Week in Review

Most of the news the past few weeks has focused more on geopolitical events than financial. Nonetheless, the market has been quite resilient despite problems in Washington, missile launches by North Korea and terror attacks abroad. OPEC’s decision to extend its six-month production cap by nine months was met with disappointment. While the accord was modestly successful at addressing the global inventory glut, traders hoped for a longer expansion. U.S. crude oil tumbled 5% after the cartel announced their move. While oil prices firmed at week’s end, the West Texas benchmark remains below $50/bbl.

       For the week, the S&P 500 and NASDAQ continued to move into record territory with gains of 1.4% and 2.1%, respectively. The Dow finished the week 275 points higher or 1.3% at 21,080, some 35 points from its record high set in March. Except for energy stocks, virtually all other sectors were positive, led by utilities, consumer goods and technology. Transportation stocks were particularly strong, advancing 3.4%, on average.

       First quarter GDP growth was revised up to 1.2% with a projected 3% advance in the cards for the current quarter. A rise in household spending, higher incomes, strength in employment, further durability in home building, accelerating increases in industrial production and asset appreciation (from rising home prices and a higher stock market), bode well for a second half expansion in GDP, as well to somewhere in the 2.5% – 3.0% range. A probable rebuilding of inventories should also contribute. With this positive news, so comes higher interest rates, with two or three more hikes likely this year. One should continue to be somewhat cautious regarding the stock market as valuations remain high and stocks seem priced for near perfection. Still, the fundamentals are strong and the bull market should remain alive and well for now.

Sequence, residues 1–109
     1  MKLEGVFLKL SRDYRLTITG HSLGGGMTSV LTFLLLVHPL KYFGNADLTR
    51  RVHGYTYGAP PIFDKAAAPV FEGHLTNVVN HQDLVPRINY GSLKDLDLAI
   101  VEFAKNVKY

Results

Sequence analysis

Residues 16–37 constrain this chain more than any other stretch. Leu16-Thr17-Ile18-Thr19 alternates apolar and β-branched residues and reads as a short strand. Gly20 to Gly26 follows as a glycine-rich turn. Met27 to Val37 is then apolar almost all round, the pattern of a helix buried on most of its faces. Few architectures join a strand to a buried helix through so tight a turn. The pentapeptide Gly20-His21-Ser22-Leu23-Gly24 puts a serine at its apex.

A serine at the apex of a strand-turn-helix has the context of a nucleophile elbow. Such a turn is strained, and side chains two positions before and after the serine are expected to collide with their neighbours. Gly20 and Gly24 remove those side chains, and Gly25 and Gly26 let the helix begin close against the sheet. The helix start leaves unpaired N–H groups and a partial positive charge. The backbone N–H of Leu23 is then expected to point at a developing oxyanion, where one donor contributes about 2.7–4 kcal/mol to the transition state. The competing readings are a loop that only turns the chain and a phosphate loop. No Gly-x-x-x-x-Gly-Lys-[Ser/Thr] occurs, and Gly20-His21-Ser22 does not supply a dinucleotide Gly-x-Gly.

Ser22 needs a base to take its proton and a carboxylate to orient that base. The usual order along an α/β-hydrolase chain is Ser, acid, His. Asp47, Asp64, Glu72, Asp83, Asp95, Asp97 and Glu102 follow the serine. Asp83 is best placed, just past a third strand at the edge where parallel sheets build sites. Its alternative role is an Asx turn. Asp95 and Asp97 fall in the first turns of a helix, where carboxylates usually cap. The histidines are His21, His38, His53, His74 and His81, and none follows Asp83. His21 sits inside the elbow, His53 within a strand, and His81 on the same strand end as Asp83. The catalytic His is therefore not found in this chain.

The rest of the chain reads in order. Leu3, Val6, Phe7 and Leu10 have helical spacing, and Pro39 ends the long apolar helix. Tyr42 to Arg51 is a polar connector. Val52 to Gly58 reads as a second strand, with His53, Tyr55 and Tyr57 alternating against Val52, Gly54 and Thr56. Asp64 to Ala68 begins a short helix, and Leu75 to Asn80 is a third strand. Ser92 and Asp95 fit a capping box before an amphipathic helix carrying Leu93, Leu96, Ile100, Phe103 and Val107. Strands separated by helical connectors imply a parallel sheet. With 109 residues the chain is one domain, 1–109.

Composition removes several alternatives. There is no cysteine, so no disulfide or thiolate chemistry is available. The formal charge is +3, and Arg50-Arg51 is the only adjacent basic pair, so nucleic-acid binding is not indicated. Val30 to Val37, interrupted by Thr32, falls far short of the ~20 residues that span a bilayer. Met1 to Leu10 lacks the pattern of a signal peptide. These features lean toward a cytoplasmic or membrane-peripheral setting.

Markets will be closed tomorrow in observance of Memorial Day. Enjoy the rest of holiday the weekend.

Here is the answer to last week’s trivia question: The largest “pure play” pharmaceutical company by revenue is? Pfizer, Inc., Novartis, Merck or Roche Holdings. Answer: Pfizer, Inc. (Johnson & Johnson has about twice the revenue of Pfizer, but its Jansen Pharmaceutical Unit is smaller than all the other “pure play” drug companies).

Today’s Trivia Question: Eastman Kodak Co., established in 1888, fell into bankruptcy in January 2012. Today, Kodak is? A division of Shutterfly, Inc., privately held by Elliot Management Corp., defunct or publicly traded on the NYSE.

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